Spanish government under fire over separatist support
Opposition accuses government of siding with radicals as defunct Eta still a live issue
On January 11th, relatives of Basque prisoners demand the transfer of Eta prisoners to jails near their homes. Photograph: Ander Gillenea/AFP via Getty
Spain’s government faces accusations of pandering to separatists and conniving with the political heirs of terrorist group Eta as it attempts to maintain a fragile parliamentary majority.
The Socialist Party of Pedro Sánchez formed the country’s first national coalition of modern times in January, with the Podemos party to its left. But, with their partnership falling short of a majority in congress, they have required the support of an array of smaller regional parties.
Now, with some major legislation facing crunch parliamentary votes, these alliances are being tested and scrutinised.
The leader of the right-wing opposition Popular Party (PP), Pablo Casado, said that in accepting the backing of certain parties, Sánchez had “crossed a black line in exchange for unspeakable support”. Casado and others on the right have cast these alliances as part of a drift by the government towards undemocratic radicalism.
The government’s parliamentary allies have included the pro-independence Catalan Republican Left (ERC). In exchange for its 13 votes in forming his new administration, Sánchez agreed to embark on a series of negotiations aimed at resolving the long-standing dispute over the Catalan region’s relationship with Spain.
Coronavirus has meant that those talks have barely got off the ground. However, many see the government’s education reform Bill, which was approved by Congress on Thursday, as a new concession to Catalan nationalists. The law removes reference to Spanish as the main language to be used in schools, in theory ensuring prominence for regional tongues in nationalist-governed areas such as Catalonia.
But a more controversial development has been the Sánchez administration’s relationship with the Basque pro-independence party, EH Bildu, which has five seats. It is positioned on the far left and seen as the successor to Herri Batasuna, the political arm of terrorist group Eta, which was outlawed in 2003.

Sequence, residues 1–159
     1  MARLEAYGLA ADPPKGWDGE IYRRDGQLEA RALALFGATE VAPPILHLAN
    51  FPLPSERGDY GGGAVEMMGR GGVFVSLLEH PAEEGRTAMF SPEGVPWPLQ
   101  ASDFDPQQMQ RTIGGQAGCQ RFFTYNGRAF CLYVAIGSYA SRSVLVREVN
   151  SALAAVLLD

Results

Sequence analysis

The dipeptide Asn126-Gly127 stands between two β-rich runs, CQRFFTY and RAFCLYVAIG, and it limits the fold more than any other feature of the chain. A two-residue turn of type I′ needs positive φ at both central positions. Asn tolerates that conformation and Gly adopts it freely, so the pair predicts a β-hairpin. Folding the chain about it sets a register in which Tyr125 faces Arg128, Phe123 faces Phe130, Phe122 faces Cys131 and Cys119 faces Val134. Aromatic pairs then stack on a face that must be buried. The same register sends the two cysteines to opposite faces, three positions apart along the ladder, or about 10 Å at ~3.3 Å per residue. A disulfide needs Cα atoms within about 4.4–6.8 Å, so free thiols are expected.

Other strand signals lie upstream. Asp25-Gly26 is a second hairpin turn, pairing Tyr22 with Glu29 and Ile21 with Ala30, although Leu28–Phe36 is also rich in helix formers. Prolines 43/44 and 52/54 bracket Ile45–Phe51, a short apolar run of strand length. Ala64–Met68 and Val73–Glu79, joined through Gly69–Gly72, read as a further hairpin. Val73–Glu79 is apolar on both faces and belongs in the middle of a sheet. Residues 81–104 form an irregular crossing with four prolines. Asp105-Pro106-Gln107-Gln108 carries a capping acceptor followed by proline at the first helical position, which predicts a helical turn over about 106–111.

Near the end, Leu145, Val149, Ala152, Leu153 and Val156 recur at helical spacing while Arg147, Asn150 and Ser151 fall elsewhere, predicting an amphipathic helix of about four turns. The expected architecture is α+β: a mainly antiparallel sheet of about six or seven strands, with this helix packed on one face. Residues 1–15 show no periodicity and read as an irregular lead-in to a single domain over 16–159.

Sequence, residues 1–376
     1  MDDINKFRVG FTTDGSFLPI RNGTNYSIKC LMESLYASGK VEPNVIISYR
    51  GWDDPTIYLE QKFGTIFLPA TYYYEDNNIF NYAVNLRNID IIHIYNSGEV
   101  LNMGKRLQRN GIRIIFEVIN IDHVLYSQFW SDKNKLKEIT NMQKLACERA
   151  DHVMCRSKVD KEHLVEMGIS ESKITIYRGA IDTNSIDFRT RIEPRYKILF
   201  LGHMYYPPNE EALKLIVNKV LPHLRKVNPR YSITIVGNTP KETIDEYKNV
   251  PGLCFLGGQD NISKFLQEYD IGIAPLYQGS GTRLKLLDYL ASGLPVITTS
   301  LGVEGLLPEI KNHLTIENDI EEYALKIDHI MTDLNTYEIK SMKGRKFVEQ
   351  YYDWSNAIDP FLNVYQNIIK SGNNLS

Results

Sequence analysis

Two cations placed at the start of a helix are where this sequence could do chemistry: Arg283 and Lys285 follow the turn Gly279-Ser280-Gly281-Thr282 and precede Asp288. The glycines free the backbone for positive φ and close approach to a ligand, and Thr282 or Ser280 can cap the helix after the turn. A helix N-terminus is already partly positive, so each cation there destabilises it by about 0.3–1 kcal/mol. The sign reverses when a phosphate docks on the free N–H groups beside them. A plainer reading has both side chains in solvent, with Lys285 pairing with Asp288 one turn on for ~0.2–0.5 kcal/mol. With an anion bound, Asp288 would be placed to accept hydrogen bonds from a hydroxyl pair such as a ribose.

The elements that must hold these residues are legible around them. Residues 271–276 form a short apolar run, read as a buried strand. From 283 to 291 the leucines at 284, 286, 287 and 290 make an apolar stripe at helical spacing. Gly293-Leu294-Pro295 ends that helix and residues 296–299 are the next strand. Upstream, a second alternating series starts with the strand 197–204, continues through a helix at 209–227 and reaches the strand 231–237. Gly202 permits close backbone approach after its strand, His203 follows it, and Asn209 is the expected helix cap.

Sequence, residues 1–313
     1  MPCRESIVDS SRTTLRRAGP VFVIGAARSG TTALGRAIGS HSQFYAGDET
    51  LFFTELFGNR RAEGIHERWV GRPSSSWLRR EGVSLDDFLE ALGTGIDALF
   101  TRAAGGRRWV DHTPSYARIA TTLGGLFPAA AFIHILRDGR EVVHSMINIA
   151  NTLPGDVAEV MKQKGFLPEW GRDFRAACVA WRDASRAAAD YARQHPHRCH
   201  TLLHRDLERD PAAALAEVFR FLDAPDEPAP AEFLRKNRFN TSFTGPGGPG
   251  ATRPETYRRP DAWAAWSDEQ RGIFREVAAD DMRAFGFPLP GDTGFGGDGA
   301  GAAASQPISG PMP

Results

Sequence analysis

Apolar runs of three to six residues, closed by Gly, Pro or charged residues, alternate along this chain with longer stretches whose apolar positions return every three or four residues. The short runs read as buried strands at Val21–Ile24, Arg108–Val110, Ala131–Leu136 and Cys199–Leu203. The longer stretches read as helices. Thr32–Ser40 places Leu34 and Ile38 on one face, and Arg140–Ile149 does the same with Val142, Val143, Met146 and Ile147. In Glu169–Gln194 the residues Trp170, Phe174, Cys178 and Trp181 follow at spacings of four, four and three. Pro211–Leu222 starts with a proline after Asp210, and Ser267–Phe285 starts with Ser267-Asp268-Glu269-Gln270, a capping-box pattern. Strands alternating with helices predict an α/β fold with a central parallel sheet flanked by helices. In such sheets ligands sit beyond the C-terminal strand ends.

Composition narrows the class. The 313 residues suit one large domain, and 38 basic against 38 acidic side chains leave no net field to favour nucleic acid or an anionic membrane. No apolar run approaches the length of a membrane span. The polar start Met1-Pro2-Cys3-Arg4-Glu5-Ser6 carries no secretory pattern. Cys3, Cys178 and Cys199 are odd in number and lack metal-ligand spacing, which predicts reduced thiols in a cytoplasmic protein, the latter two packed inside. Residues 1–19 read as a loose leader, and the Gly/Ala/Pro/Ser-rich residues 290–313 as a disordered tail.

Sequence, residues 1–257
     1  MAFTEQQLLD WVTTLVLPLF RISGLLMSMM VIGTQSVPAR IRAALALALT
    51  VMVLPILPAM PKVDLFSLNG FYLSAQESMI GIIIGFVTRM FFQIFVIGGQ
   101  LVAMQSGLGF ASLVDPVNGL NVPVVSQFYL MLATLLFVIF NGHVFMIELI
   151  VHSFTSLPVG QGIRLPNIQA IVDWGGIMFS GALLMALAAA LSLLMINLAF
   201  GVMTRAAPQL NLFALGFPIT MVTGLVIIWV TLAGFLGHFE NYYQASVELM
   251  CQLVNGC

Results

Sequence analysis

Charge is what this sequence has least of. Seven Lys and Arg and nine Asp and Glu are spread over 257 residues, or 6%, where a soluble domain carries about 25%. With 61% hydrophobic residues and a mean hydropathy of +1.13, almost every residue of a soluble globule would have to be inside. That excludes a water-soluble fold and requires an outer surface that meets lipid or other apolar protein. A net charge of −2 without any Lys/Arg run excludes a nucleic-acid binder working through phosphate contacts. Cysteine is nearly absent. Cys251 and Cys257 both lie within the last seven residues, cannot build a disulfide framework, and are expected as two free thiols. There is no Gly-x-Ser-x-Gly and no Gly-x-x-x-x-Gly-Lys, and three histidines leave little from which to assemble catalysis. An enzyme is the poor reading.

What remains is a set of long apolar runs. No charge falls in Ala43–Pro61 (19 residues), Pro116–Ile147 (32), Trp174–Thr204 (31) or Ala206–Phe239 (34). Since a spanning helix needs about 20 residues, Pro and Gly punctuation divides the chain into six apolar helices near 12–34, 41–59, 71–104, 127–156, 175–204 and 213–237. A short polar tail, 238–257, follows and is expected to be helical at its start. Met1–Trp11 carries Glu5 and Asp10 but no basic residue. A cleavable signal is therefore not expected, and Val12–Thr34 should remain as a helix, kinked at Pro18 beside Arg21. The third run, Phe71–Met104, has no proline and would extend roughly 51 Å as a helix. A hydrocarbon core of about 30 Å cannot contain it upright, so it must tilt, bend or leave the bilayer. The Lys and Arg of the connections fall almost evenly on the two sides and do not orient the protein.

EH Bildu’s leader, Arnaldo Otegi, has declared his party’s “proactive and favourable position” with respect to the government’s 2021 budget Bill, whose successful passage through parliament is key if the legislature is to continue.
The government has denied reaching any agreement with EH Bildu. However, transport minister José Luis Ábalos has welcomed its support, saying the Basque party “has more sense of responsibility regarding the budget than the Popular Party”.
Eta killed more than 850 people during a four-decade terrorist campaign for Basque independence. But, although it last killed in 2010 and disbanded in 2018, it remains a live issue for the political right, which frequently accuses opponents of taking a soft approach to Eta prisoners and Basque separatism. Otegi is a particularly provocative figure, having spent several spells in prison, including one for taking part in an Eta kidnap in the 1980s. Although EH Bildu has rejected the use of violence, critics say it has been equivocal in condemning Eta’s killings.
“What if [US president-elect Joe] Biden were to make a deal with a party that did not condemn the September 11th attacks, in which thousands of Americans died?” asked Teresa Jiménez-Becerril, a PP congresswoman whose brother was murdered by Eta.
“This is a very sensitive issue for those who have been victims of terrorism,” says Josep Lobera, a sociologist at Madrid’s Autonomous University. “But within many right-wing political and media circles, a culture has been created in which anything with a separatist association is labelled an enemy of Spain and is linked to Eta.”
The PP and other parties on the right have pointed to the interior ministry’s transferral of several dozen Eta prisoners in recent months to jails closer to their homes in northern Spain as proof of a secret transaction between the government and EH Bildu.
However, the PP itself has in the past engaged in talks with EH Bildu. When in government, the conservatives also moved large numbers of Eta prisoners to Basque jails and negotiated with the terrorist organisation.
More worrying for Sánchez is dissent within his own party’s ranks. Emiliano García-Page, the president of the Castilla La Mancha region, is one of several high-profile Socialists who have voiced concern. He suggested that Sánchez’s coalition partner might be leading him astray.
“I am worried that Podemos might be setting the agenda and dragging us to a corner of the political stage that is a long way from the usual space for the Socialist Party’s broad majorities,” García-Page said.
The centre-right Ciudadanos party, another potential ally of Sánchez, has warned that it will not vote in favour of a budget that has been negotiated with ERC or EH Bildu. However, the Bill is now looking likely to be approved by late December, and other Socialists have pointed out that the Basque party is a legitimate player on Spain’s political landscape.
“We will never forget the victims of terrorism,” said the Socialist president of Valencia, Ximo Puig. “But now we need to see the bigger picture, look towards the future and also understand that in democracy, as long as you obey the rules, everyone can have their space.”